I'm not in "the business world", but I suspect most business travelers are expected to "hit the ground running" rather than being given time to adjust to a time zone halfway around the world.

Wanting an opportunity to rinse off and freshen up seems reasonable to me.

edutcher said...

Of course, you have get your bath oil past the TSA.

Hagar said...

Have them stand out on the wings and fly through a raincloud.

Ann Althouse said...

"Have them stand out on the wings and fly through a raincloud."

Make way for Douglings!

John Burgess said...

With 20/24-hour flights common from anywhere but US-EU, a shower isn't a bad idea. Of course it's not needed for a 5-hr hop across the US, but throw in an ocean or two and it gets a bit ripe, even in first class.

David said...

Bowling alley? You're no corporate traveller. Squash court is the big thing for the corporate types these days.

traditionalguy said...

The top 1/100th of the 1% lives like that, so only crony Democrat created billionaires and the old Saudi Oil sheiks get to circle the globe and enjoy their favorite places like that.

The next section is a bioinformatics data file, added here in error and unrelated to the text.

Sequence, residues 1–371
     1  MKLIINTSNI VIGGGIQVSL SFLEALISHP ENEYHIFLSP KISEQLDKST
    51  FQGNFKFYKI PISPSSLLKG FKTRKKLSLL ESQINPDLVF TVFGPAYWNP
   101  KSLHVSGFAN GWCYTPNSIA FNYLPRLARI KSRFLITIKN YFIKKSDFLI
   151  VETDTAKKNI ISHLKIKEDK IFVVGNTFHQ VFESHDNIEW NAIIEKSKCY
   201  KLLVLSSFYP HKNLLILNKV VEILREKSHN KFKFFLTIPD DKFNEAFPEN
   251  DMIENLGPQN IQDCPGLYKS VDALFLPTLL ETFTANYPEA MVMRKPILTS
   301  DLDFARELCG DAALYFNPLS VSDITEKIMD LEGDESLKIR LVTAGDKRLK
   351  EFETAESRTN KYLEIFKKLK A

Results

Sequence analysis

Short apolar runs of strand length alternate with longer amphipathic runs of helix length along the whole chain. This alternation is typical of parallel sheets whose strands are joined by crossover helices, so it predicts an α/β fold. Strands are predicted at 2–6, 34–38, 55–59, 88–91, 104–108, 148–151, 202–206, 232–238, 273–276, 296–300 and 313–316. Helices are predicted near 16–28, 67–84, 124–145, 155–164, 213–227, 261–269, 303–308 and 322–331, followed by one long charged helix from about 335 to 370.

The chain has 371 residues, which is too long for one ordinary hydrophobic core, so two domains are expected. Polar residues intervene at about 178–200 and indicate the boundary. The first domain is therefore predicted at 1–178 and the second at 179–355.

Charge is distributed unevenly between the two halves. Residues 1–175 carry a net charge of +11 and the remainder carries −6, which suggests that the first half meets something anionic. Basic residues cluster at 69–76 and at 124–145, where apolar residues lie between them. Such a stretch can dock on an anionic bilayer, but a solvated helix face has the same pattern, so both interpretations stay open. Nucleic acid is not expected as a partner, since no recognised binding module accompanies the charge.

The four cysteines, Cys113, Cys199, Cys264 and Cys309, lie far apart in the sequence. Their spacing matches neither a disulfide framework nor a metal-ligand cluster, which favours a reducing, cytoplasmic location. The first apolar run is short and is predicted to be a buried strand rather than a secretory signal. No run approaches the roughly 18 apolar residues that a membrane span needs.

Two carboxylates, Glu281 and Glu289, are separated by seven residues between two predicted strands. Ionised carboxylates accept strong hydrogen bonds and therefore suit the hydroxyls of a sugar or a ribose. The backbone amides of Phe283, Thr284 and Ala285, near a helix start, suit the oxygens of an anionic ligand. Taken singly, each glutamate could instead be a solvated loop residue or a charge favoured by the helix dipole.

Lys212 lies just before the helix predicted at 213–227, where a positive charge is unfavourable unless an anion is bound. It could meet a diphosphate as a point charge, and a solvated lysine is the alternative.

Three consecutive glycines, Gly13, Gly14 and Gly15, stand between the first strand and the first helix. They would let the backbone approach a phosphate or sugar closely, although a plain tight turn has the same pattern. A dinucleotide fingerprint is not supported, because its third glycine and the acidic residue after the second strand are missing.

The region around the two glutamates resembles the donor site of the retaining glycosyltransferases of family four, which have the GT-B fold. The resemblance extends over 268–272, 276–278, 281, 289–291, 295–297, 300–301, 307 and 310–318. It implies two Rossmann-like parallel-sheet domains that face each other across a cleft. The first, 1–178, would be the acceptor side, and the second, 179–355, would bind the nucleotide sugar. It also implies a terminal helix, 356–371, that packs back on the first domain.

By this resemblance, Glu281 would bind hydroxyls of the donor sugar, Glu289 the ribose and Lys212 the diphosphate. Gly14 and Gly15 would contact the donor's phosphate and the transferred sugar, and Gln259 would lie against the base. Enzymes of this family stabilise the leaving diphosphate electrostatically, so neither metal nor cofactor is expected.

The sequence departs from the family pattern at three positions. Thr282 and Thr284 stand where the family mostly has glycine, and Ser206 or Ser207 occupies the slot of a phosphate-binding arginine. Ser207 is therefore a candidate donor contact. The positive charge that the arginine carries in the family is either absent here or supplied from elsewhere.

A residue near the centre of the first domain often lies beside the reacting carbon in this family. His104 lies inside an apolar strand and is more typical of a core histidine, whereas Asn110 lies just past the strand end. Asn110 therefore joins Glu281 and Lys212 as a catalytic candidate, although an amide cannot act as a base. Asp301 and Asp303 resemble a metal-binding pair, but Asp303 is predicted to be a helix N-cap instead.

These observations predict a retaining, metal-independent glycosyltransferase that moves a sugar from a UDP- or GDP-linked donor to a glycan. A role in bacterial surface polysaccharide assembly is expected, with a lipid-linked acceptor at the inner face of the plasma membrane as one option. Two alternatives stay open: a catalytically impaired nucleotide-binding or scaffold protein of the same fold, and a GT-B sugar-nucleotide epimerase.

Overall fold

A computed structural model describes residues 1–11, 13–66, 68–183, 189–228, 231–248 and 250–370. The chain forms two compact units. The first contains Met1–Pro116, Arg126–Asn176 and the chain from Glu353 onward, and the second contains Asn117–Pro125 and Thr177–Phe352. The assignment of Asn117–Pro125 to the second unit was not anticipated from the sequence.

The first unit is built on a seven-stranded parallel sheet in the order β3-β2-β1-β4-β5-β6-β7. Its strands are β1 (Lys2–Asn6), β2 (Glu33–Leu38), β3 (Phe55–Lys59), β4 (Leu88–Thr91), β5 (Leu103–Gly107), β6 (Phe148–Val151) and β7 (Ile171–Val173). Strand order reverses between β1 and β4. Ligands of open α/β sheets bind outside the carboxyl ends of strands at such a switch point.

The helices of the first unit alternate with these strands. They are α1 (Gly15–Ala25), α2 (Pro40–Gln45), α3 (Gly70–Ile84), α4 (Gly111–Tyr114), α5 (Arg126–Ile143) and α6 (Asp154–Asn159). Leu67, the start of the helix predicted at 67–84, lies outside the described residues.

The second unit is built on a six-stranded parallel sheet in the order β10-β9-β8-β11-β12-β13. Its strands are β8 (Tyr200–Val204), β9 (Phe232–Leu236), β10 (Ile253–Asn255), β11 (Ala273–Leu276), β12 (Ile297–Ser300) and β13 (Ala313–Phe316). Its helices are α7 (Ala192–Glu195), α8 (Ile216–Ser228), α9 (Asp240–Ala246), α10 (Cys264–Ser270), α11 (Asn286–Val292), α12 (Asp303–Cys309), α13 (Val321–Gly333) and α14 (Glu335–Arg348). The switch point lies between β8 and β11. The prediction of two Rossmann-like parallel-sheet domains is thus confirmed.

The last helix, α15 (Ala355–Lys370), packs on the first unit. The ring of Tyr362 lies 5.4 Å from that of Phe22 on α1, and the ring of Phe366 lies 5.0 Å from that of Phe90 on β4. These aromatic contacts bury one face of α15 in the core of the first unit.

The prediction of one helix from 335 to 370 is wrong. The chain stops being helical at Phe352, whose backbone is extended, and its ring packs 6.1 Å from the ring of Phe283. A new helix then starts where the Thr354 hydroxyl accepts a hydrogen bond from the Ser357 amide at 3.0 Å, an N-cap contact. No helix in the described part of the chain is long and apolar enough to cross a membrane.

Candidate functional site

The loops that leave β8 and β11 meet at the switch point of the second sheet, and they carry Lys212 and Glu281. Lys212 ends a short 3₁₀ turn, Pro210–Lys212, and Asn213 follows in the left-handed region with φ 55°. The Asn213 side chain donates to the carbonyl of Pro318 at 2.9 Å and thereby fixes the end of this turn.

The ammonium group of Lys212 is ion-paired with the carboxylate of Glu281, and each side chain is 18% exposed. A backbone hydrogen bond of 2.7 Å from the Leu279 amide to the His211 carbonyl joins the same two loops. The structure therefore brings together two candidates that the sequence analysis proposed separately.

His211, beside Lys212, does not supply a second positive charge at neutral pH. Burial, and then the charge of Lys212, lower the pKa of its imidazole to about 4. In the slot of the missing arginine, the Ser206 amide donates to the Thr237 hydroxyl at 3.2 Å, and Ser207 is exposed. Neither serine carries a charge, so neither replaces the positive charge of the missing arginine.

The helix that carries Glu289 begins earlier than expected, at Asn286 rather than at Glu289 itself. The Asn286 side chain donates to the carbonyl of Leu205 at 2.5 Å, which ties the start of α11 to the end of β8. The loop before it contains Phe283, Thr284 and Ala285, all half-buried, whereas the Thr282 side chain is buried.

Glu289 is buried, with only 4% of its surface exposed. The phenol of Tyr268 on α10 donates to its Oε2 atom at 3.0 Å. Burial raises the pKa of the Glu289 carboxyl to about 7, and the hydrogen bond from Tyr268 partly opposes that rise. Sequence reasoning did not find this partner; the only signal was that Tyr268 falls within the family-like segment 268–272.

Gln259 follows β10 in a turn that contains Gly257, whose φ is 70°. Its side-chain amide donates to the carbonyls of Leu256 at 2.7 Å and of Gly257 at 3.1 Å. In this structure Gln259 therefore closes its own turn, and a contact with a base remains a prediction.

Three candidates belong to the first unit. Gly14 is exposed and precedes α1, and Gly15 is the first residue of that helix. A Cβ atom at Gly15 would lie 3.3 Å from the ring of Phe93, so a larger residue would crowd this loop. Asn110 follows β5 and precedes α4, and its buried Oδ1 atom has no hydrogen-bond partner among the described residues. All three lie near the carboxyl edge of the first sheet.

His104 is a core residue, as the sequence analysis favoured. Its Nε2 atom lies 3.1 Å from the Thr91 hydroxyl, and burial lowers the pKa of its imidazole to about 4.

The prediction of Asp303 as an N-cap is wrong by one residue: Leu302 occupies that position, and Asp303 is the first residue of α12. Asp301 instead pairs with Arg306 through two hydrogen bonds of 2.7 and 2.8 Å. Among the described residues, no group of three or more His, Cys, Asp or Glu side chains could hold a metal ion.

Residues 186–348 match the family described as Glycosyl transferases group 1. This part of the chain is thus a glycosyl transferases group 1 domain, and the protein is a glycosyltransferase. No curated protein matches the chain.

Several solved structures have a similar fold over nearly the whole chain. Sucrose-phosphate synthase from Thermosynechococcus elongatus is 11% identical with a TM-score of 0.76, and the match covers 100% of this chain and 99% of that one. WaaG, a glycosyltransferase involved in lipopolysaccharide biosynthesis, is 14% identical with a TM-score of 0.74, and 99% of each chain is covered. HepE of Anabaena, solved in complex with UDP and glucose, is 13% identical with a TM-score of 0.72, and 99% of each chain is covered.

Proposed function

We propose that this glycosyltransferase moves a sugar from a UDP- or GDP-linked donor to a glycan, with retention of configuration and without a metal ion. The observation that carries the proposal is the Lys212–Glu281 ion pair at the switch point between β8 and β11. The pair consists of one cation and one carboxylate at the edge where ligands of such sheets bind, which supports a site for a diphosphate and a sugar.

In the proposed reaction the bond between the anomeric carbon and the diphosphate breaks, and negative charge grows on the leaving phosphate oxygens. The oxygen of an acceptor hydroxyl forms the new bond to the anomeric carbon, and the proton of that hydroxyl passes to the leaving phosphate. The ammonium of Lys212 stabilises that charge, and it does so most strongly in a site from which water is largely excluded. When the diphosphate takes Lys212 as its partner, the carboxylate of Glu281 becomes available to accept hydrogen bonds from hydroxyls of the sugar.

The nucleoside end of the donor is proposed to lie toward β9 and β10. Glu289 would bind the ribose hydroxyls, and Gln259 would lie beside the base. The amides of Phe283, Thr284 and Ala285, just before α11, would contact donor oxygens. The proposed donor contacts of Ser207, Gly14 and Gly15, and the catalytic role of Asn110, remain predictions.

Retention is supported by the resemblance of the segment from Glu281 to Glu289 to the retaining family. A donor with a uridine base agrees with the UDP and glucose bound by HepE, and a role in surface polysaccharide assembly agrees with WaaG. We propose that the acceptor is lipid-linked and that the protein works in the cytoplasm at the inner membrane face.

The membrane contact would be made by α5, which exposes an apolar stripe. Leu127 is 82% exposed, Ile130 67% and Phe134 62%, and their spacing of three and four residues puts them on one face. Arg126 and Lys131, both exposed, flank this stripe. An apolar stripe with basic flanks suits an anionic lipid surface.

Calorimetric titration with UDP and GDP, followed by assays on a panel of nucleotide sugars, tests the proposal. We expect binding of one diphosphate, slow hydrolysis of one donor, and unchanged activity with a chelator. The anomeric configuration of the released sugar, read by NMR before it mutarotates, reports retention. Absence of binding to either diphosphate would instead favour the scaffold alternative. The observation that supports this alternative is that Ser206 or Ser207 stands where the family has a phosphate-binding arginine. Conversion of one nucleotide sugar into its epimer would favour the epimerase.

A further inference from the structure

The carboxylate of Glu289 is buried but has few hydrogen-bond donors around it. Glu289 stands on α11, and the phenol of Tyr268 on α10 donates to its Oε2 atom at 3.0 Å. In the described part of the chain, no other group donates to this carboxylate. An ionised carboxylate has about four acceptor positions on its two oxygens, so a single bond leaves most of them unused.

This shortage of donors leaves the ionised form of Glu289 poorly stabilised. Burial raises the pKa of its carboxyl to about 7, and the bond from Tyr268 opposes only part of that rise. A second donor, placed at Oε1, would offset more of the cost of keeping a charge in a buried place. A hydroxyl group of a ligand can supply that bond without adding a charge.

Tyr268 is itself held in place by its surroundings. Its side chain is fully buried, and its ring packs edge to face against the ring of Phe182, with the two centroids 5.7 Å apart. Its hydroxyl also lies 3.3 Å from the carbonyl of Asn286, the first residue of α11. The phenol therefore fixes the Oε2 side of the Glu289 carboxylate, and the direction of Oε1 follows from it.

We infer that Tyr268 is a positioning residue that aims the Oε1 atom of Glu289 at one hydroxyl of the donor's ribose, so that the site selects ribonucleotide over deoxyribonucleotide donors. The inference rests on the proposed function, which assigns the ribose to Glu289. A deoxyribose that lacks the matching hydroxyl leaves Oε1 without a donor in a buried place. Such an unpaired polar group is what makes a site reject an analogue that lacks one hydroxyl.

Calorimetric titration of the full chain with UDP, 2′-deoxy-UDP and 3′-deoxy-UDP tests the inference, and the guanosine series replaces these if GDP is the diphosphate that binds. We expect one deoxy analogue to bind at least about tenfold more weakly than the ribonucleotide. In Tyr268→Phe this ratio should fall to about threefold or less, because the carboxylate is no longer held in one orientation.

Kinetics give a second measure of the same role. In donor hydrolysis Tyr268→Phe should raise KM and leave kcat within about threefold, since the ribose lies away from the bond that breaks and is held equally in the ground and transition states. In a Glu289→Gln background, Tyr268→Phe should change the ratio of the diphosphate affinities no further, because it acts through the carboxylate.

But we cannot even get a job building the Keystone Pipeline and infrastructure because, because Warren Buffet needs the railroad tarrifs and there is the EPA's Fantasy Myth that oil is a Dirty Carbon Pollutant, except when Soros and Buffett get wealth from the deals from which they pass a cut back to King Obama.

Meanwhile, we cannot even afford the $5 a gallon gas to drive to the newly closed to humans pristine nature National Parks.

Bart Hall (Kansas, USA) said...

Besides, bowling would disrupt weight & balance ...

chickenlittle said...

What other rapidly changing demands are corporate travelers making?